Written by Katie Constantine
Edited by Morgan Moore
The new movie Cruella, written by Dana Fox and Tony McNamara, dives into the backstory of the infamous villain from 101 Dalmatians, Cruella De Vil. In order for the movie to be a success, it’s crucial for the writers to get us to root for Cruella. This is a tall order considering she’s been hated for decades now, but the writers were able to achieve this feat by doing the following:
- Take Away Her Worst Trait
She is known for wanting to kill dogs and make them into coats. That’s a hard thing to come back from, which is why it was imperative for Fox and McNamara to show Cruella with dogs that she loves. Her relationship with Wink and Buddy offsets her destructive ideology in 101 Dalmatians and sets you up to learn that it’s not actually dogs that she hates. There’s a much deeper issue at play.
- Make Her Understood
Once you learn how difficult Cruella’s childhood was, and how Dalmatians killed her mother, you can understand why she’s triggered by them. It doesn’t excuse her actions, but it does create an understanding that then takes away the notion that she’s just a horrible person. This understanding then creates empathy for the character, which is the first step towards rooting for them.
- Create a New Villain Who Makes Cruella Look Good
From the beginning, you are made to hate Emma Thompson’s character, the Baroness. She has no redeemable qualities and thus makes Cruella look more likable in comparison. While Cruella is known for wanting to kill Dalmatians, the Baroness becomes (spoiler alert) known for wanting to kill babies, something exponentially worse. In addition, the Baroness’s Dalmatians are shown as cruel creatures, which adds another layer to Cruella’s innocent persona.
- Humanize Her
In 101 Dalmatians, we see Cruella as someone with a heart of stone who only cares about herself. In this backstory, we see that, while Cruella has bouts of extreme selfishness, her love for her chosen family outweighs that personality defect. This softens people’s view of her.
- Cast a Likeable Actress
Emma Stone is a phenomenal actress who depicts every corner of Cruella’s personality perfectly, but who Emma is as a person had a major impact on the character as well. This role wouldn’t have worked with an unknown actress, even if she had the same level of talent as Emma. That’s because, since the majority of people already like Emma Stone, she is able to carry that image to the role. So when people walk into the theater, they’re already rooting for Emma, which takes the edge off the fight to get people to root for Cruella.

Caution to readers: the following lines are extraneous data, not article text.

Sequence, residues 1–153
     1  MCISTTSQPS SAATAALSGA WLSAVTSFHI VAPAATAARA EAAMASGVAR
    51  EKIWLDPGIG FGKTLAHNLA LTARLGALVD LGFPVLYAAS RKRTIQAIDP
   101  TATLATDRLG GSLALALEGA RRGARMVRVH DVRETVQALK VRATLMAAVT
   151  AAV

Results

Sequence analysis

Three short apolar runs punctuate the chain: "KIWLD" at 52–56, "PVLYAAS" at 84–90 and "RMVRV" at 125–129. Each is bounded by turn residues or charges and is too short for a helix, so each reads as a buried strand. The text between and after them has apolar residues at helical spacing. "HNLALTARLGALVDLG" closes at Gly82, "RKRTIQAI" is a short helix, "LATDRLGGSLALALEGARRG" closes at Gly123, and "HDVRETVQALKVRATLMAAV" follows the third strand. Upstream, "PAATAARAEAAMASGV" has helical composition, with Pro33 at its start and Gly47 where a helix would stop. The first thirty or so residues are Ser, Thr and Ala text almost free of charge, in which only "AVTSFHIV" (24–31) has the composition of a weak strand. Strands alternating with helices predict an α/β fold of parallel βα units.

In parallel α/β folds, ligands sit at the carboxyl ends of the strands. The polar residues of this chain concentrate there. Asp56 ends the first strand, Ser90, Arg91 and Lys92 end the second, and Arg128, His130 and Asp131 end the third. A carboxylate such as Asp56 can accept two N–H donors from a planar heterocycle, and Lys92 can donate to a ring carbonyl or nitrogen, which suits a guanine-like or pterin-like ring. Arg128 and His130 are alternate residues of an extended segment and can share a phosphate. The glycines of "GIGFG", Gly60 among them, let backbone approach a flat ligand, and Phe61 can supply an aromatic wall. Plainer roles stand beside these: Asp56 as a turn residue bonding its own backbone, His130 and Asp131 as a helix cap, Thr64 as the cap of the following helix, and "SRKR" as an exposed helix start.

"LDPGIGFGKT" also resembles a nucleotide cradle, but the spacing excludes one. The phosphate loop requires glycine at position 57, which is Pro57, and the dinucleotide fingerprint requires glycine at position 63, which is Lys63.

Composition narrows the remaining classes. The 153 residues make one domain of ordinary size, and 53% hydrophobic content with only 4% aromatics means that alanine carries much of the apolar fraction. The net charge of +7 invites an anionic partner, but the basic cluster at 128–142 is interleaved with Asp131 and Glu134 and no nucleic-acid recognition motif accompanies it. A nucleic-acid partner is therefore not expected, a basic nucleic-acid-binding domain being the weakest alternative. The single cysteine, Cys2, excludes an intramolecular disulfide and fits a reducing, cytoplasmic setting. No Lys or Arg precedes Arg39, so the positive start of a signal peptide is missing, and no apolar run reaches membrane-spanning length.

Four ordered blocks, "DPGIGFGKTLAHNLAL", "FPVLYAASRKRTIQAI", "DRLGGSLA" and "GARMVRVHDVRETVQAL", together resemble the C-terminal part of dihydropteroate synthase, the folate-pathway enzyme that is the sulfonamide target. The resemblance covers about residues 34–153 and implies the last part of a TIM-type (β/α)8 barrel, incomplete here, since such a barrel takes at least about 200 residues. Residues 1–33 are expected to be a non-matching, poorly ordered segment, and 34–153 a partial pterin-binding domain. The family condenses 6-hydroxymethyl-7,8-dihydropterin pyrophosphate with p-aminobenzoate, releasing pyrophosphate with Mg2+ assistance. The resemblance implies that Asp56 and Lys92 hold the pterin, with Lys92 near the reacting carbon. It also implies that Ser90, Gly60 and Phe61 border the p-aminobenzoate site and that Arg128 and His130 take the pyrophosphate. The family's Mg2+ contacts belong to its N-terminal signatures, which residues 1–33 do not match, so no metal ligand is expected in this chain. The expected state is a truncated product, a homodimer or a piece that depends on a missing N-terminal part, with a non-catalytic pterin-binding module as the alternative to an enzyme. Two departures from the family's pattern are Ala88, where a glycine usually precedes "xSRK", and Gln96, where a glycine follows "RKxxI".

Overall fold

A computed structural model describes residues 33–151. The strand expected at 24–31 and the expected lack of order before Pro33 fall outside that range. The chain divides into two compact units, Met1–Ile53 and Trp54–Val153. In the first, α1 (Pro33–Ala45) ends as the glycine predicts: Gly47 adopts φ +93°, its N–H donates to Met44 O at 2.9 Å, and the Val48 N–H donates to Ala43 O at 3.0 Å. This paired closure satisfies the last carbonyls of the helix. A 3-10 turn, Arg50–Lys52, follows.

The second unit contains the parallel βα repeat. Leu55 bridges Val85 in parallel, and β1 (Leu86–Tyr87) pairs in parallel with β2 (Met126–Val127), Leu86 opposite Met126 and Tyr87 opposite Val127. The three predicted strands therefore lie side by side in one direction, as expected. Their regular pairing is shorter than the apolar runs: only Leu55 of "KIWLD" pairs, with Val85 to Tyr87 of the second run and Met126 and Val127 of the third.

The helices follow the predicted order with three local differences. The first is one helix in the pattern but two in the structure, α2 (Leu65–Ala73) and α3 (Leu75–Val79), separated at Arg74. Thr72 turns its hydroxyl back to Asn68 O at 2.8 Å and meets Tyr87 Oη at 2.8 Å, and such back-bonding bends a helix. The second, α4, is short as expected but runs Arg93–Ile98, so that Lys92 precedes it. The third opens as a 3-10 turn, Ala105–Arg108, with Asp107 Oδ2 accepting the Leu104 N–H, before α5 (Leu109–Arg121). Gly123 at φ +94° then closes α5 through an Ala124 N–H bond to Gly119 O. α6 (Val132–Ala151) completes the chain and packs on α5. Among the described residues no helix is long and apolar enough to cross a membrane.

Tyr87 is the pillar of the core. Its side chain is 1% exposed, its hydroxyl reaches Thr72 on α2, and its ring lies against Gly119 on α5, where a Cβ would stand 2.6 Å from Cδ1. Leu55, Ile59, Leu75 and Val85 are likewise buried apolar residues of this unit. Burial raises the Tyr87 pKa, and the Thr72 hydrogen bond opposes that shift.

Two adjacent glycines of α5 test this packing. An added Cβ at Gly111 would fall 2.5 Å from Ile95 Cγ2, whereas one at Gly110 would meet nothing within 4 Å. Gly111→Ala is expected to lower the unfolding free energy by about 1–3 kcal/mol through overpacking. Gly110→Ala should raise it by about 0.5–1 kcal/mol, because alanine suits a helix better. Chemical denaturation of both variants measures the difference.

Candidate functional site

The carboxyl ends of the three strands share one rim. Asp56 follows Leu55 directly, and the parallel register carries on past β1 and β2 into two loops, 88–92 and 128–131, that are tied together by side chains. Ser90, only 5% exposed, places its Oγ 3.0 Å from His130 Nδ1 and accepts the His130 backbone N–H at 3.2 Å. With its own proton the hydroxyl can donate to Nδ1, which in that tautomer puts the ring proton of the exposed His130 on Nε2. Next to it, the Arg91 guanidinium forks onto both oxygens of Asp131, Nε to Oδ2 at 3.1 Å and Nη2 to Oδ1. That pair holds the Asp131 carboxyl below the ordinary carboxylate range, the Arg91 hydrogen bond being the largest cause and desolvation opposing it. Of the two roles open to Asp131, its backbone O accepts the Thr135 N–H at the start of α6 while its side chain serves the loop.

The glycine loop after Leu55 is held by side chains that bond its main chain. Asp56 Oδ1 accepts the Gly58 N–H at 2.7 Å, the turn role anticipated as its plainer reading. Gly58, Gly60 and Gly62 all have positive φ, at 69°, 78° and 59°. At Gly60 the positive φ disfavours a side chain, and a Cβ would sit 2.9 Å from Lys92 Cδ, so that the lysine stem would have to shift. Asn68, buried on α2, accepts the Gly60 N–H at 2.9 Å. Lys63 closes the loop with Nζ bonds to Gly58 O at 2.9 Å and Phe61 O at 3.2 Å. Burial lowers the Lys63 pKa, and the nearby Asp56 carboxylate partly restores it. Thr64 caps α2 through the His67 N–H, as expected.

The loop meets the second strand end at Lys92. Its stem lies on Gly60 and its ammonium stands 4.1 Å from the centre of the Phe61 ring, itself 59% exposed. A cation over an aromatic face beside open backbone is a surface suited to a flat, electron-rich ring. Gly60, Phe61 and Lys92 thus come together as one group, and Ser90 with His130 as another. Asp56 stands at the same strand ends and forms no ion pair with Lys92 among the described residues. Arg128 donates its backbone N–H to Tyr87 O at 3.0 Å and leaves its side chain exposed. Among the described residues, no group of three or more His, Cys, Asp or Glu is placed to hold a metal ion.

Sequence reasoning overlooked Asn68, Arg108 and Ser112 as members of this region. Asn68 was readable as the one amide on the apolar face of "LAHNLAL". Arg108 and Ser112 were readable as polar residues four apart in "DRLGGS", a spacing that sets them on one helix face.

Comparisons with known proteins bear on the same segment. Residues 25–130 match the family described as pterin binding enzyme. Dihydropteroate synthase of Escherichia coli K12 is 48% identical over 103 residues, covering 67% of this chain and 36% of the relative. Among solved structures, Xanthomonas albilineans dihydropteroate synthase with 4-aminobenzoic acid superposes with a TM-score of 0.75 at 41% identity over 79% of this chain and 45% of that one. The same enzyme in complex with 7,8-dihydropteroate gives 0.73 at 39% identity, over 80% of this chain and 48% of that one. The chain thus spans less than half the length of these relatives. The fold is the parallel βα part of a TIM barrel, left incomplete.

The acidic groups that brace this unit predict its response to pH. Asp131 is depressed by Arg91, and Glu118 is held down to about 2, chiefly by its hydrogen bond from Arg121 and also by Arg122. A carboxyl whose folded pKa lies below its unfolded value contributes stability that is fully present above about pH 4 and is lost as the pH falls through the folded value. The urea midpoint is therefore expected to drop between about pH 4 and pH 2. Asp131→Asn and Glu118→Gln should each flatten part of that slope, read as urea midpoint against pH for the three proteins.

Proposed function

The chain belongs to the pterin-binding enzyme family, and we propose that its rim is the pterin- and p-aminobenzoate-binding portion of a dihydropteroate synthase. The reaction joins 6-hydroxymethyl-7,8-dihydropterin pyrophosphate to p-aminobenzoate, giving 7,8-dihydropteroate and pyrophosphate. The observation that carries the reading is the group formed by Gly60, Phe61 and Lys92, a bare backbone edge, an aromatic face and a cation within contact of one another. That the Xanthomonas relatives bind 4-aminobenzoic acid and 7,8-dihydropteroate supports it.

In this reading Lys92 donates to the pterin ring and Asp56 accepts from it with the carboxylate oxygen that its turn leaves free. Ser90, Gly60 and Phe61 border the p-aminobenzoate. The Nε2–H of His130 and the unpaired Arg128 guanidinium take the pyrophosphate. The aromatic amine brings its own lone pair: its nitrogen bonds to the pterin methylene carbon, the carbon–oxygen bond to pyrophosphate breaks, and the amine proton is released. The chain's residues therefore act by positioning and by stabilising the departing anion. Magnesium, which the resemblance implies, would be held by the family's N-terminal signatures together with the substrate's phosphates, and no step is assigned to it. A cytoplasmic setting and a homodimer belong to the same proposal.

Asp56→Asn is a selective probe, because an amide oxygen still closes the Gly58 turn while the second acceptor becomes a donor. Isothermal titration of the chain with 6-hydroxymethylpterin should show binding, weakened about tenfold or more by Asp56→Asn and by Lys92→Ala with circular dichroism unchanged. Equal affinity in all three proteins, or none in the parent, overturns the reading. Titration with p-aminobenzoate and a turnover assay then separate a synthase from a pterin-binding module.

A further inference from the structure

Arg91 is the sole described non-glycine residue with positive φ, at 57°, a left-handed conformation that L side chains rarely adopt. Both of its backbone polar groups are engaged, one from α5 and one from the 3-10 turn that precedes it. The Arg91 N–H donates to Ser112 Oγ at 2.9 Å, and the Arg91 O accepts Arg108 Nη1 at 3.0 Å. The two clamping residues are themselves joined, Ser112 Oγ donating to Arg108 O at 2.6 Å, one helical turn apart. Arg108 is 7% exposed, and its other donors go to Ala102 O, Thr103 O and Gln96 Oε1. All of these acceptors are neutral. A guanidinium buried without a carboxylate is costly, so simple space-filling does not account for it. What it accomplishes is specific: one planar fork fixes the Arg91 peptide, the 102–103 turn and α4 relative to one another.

- Nature vs. Nurture
From the very beginning, we are taught that Cruella is a naturally disruptive person, but she tries to fight it. This duality is seen in her black and white hair, her rudeness at a young age, and her mother’s fight to teach her right from wrong. When she dyes her hair red in an attempt to hide from the authorities, she’s also hiding her natural personality and choosing nurture to make her deceased mother proud. This fight to be a good person tells the audience that this character is trying to do the right thing, and that it’s not really her fault if she trips up and does the wrong thing, or if she’s forced into a life of petty theft, because that’s just her nature. It’s a brilliant excuse that also makes people identify with her character, because we’re all trying to be better people, but sometimes our negative traits win out.
- Give Her an Alter Ego
Have you ever encountered a person who does terrible things to gain success at their job, but is kind outside the office? It’s hard to reconcile the two sides of their personality, but it also allows you to blame everything on their business side – hence the, ‘it’s just business, it’s not personal’ ideology. Cruella’s good and bad sides are also divided up, and so you can blame ‘Cruella’ for all the bad things she does, while still liking ‘Estella’.
4 comments on “How ‘Cruella’ Makes You Root for the Villain”
Cruella redeemed I guess!
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I’d say understood, not redeemed. A few years after this movie she’ll still go on to dognap and attempt to murder the 15 puppies of a friend, who SPOILER: we now know helped her in minor but crucial ways to come out on top by the end of this movie. This story just tells us how she got to that point.
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I adored this movie, and I’m delighted to see a breakdown of how the story worked to make the audience sympathetic toward yet another Disney villain. The third point in this post brings up an issue that might be worth considering more deeply: why is it okay to use women against one another to evoke sympathy or create a hierarchy of badness or madness? Reductive or simplistic storytelling that chooses to use another person (often another woman?) as a scapegoat for the main character’s bad behaviour has a long history; breakdowns like these can help us expose and question them. So what do we do next?